Collector's Display Tray
This gridwork shadow box highlights a few of your favorite things.

DIMENSIONS: 16¾" W × 1 ½" D × 32 ¼" H

Approximate materials cost: $65

87 compartments for your tiny treasures


Back in the o-l-d days of publishing (our Editorial Content Chief had just started at WOOD® magazine, sweeping the shop), printers sorted lead blocks of lettering for printing presses in trays such as this one, earning the drawers the moniker “printer’s trays.” As technology made this storage obsolete, the compartmentalized trays became prized by collectors to display miniatures and other small items.

Finding an authentic antique printer’s tray in good condition can be difficult and costly. Luckily, with a few evenings of work, you can create a new one.

Start With a Super-simple Box

1 Cut the sides (A) and top and bottom (B) to size [Materials List, Exploded View]. Rabbet one edge of all pieces, then rabbet the ends of the sides. Finish-sand the inside faces.

2 Glue the top and bottom between the sides. To ensure the frame sits square, check for identical dimensions when measuring diagonally across corners.

3 Cut the back (C) to fit the rabbets in the frame, finish-sand it, and glue it in place.

4 Cut the major dividers (D) to fit in the frame, finish-sand them, and glue them to the back [Exploded View].

Learn five ways to cut rabbets.
On the packet for parts L, make the outermost cut, then butt the opposite end of the workpiece bundle against the fence and repeat. Because this isn’t a through cut, you can safely use the miter gauge and rip fence together. Reset the fence for the next set of dadoes on L and repeat the process.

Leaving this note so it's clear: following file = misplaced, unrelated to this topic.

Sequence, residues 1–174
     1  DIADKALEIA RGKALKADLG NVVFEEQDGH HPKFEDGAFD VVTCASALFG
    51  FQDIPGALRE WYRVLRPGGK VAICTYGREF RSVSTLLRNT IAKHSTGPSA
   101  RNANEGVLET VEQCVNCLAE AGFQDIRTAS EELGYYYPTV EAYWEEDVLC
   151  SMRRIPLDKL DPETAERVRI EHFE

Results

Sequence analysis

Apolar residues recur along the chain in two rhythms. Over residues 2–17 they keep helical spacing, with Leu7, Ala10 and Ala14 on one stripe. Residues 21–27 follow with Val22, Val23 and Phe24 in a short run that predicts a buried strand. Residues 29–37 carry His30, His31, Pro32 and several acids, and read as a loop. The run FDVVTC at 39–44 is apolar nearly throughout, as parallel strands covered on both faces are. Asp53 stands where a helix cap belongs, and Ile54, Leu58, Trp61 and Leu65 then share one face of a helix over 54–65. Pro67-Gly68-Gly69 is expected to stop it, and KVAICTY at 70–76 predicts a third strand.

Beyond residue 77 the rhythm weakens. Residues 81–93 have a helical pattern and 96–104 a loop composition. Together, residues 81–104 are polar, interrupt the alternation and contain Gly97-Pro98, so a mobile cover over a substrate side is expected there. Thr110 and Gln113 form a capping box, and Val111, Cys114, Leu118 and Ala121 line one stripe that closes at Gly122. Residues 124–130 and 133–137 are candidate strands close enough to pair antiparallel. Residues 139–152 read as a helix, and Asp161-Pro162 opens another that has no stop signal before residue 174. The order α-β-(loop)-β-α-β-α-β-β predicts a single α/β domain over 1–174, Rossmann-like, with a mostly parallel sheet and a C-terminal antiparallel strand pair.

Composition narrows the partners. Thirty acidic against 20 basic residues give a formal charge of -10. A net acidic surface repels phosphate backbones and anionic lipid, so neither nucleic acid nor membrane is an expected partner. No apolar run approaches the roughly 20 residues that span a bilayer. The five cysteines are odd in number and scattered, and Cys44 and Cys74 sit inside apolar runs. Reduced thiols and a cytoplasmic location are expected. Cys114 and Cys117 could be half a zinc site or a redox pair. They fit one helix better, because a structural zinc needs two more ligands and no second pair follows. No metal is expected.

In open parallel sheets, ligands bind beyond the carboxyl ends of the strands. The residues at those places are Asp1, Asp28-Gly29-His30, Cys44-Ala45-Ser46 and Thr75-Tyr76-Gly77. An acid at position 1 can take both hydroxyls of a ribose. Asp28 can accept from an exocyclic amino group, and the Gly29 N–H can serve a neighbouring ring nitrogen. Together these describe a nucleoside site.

Note: The dado spacing on part G matches that of part E, so bundle them together. The same goes for parts I and F.
Tip! Dry-fit the assemblies to check their fit in the frame. Disassemble and glue the dividers one by one.

Divide in Multiples

1 For the dividers (E–M), prepare at least 31 linear feet of ¼"-thick stock 1 ⅛" wide [Cutting Diagram]. Cut the dividers to length, making sure parts E, F, L, and M fit snug in the frame openings [Exploded View].

2 Gang like parts together with the ends and edges flush and secure each bundle with painter’s tape. Label each bundle with its part letter and lay out the slot locations on the outside faces of the bundles.

3 Set up a ¼" dado blade in your tablesaw and position the rip fence 2 ¼" from the blade. Cut one dado in parts F/I, and on both ends of E/G and L [Drawing 1, Photo A]. Then, cut the remaining dadoes on parts L [Photo B]. Use the same end-for-end method to cut the dadoes in M. For the remaining parts, simply cut to the layout lines.

4 Separate the packets, keeping the parts organized by part letter. Finish-sand the dividers. Then, assemble each of the three grids as shown in the Exploded View, using a drop of CA glue (super glue) at each intersection. Center dividers H, J, and K in their openings.

5 After the glue cures, ease the top edges of the dividers with sandpaper. Spray on a finish (we used aerosol satin lacquer), then glue the divider grids to the back (C) using drops of CA glue at several intersections.

6 Screw sawtooth hangers to the top (B)[Exploded View]. Screw the pull [Sources] to a side (A), centered, then drive screws into the wall for hanging your tray.